EVERY wire going into the ATX main power cable (20 or 24-pin), ends in a metal female terminal. This female terminal slides over contact pins on the ATX main power cable's connector, on the motherboard.
20 or 24-pin ATX main power cable is plugged into the motherboard, as shown in the photo to the far right.
Straightened out paperclip is inserted down into the socket hole, with any Orange wire in it. Pick ANY Orange wire. It is slid RIGHT NEXT TO the Orange insulation of the wire, until it touches the metal female terminal.
Now another straightened out paperclip, is inserted down into the Back of the ATX main power cable's connector, (Where the wires go in), down into a socket hole with ANY Black wire in it.
Down into the socket hole, RIGHT NEXT TO the insulation of the Black wire, and touches the female metal terminal.
Power supply is plugged in. Positive (Red) probe lead of multimeter touches straightened out paperclip in Orange wire socket hole. Negative (Black) probe lead of multimeter touches straightened out paperclip in ANY Black wire's socket hole.
[Multimeter function knob is set to DC Voltage. If just a symbol, the symbol is a dotted line over a solid line ]
You should be reading very close to 3.3 Volts.
Pick an Red wire, and Black wire; look for 5 Volts. Pick any Yellow wire, and Black wire; look for 12 Volts.
When a computer won't stay powered up, and it's a motherboard problem, the Electrolytic Capacitors on the motherboard are the problem.
The ones used are Radial design. Radial Aluminum Electrolytic Capacitors. They have an Electrolytic paste inside that goes bad, when they are failing, or have failed.
Newer designs of capacitors used are now Solid capacitors. Type used now is of Polymer design. Solid Polymer capacitor. Tantalum was the fore runner.
When these babies go bad you know it. They explode like miniature hand grenades. Shrapnel sprays inside the computer case.
So if you have a problem with capacitors on a motherboard, it will more than likely be Electrolytic Capacitors.
Computer design engineers know that the Electrolytic Paste inside an Electrolytic Capacitor, breaks down over time. It is a chemical, and has a chemical breakdown.
Due to this they use a capacitor that is rated at Twice, what is needed. Or can be said as 200 percent. This way when the capacitor breaks down to 50 percent good, it is still 100 percent good for the circuit it is in.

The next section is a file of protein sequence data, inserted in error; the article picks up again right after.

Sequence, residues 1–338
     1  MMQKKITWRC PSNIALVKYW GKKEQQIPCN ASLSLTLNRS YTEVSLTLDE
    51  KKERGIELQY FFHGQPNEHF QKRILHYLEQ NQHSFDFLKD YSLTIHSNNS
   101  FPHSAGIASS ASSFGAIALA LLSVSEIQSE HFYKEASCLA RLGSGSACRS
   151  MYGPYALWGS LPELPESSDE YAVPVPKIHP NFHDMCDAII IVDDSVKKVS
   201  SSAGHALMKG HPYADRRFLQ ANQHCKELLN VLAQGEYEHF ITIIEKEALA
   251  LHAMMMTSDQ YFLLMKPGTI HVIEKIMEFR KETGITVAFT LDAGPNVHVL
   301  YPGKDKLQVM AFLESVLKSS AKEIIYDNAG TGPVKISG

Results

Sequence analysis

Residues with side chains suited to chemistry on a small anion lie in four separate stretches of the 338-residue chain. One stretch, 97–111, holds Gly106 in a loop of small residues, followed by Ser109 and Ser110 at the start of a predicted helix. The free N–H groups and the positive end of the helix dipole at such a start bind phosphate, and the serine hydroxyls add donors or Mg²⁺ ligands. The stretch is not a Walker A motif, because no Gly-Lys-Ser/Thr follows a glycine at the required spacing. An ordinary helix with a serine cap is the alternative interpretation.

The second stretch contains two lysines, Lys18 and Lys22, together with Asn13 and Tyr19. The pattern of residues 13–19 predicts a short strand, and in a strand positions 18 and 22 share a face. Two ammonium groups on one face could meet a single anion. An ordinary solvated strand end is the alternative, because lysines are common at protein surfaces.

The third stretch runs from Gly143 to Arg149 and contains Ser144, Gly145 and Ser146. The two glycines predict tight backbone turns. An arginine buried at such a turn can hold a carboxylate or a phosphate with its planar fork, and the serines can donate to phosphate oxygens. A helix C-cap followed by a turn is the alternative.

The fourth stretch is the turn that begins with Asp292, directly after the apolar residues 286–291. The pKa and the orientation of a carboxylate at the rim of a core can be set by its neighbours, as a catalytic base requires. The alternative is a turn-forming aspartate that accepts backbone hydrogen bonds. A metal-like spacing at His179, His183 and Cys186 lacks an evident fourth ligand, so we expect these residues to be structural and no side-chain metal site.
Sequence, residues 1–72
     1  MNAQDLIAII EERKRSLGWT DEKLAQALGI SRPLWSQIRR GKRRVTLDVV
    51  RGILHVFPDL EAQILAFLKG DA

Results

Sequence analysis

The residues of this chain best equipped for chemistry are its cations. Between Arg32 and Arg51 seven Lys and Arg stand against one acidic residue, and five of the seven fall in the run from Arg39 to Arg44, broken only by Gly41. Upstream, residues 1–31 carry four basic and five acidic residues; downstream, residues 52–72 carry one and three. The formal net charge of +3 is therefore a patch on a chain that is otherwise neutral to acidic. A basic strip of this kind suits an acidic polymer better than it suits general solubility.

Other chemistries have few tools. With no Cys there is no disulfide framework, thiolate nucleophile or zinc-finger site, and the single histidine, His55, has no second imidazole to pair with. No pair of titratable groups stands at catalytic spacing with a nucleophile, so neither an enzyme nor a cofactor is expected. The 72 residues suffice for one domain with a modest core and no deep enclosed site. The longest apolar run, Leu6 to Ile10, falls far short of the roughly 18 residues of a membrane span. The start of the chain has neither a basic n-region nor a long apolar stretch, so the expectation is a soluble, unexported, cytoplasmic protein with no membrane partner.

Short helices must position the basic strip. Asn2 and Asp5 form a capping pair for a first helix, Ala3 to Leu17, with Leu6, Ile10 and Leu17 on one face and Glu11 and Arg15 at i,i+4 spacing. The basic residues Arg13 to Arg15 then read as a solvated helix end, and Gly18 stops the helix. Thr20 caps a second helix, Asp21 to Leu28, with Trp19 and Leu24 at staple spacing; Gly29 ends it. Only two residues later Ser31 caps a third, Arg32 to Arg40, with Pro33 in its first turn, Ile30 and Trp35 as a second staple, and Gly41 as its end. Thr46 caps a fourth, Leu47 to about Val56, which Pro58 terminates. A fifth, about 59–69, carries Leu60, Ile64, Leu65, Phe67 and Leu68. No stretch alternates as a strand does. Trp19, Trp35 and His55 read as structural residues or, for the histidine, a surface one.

So yes, it is highly feasible to replace capacitors, and have a working motherboard again.
[ To go deeper in case you are interested; Capacitors on a motherboard are used as Filters, and Voltage Regulators.
The ones used as voltage regulators, are in the motherboard voltage regulator circuit,
I didn't suspect that the fault came from the speakers but in the unit itself. This kind of symptoms indicated of faulty electrolytic capacitor in the power supply section and/or in the sound output circuitry. To isolate it, you must have a capacitor checker to determine its condition or you may replaced all the electrolytic capacitor in your unit because this is only few in the set and very cheap price per piece. Just remember that you must replaced it with same capacitance and working voltage that is labelled in the body. Also, upon installing, you must check the polarity (positive and negative side) to avoid further damaged.
Also, check for bad solder joints(crack/dried/cold solder) in the board, it will produced the same symptoms.
Hope I helped you.
Have a nice day!
Thanks for using Fixya.
We used to use what we call bass blocker capacitors on the component speakers to block the bass coming from the head unit and to allow the bass to only come from the subs...there is several values of these capacitors that you can use(different values correlate to different frequencies). These type of capacitors are available at Radio Shack. You will need to request a NON-POLARIZED Electrolytic capacitor at a voltage rating of not less than 25 Volts...As for the value of the microfarad rating..you may need to experiment with different microfarad values to get the sound you desire...standard microfarad values are 1uF, 2.2uF, 3.3uF, 4.7uF, 10uF, 22 uF, 33uF, 47uF.
You probably won't need to go any higher on the value than those listed....in my experience, I have found the 4.7uF and 10uF to be good for most speakers...to install these...you need to put one inline with the positive lead to each component speaker.
If you are using the low input to put high input in you can use a 22k resistor and a 10uf capacitor connected in series to the plus side of the speaker wires. This will bring down the signal level from the speaker to low input level and you will have a nice distorted free music.
Get 10uf/16v radial lead 105 deg caps. Cut the leads short so they fit under the shield and give them a bend like the letter L when you solder them on the pads. These caps are easier to use than the original surface mounts and much better. Be very careful removing the old caps as not to lift the pads to which they are soldered. I will caution you that this job requires expert soldering skills and a good soldering tool with a fine tip. This is not a job for a novice. I know plenty of pros that botched hyper modules. Take note to observe polarity of the cap when installing. I don't know the part numbers off hand but you can Google "Toshiba hyper module kit" and find a list. I use an ESR meter and test for the bad caps. You will use about 7 or 8 so it is cheaper to order a pack of ten.
I recently had my phillips 27" model
27PT6341/07 repaired after warranty expired due to white lines
appearing at the top of the screen. The shop advised that it was a
capacitor giving me the problem. So, after getting it back, I examined
the repair job and the shop had replaced a capacitor at the back of the
main board, next to the rear rca inputs. It is labeled 10uf 100v. I was
told that it would fail again soon because it is a manufactures defect.
For me it is at location 2465. Here are a couple of photos of the part. http://farm4.static.flickr.com/3215/2337629026_eaa30cfa18.jpg?v=0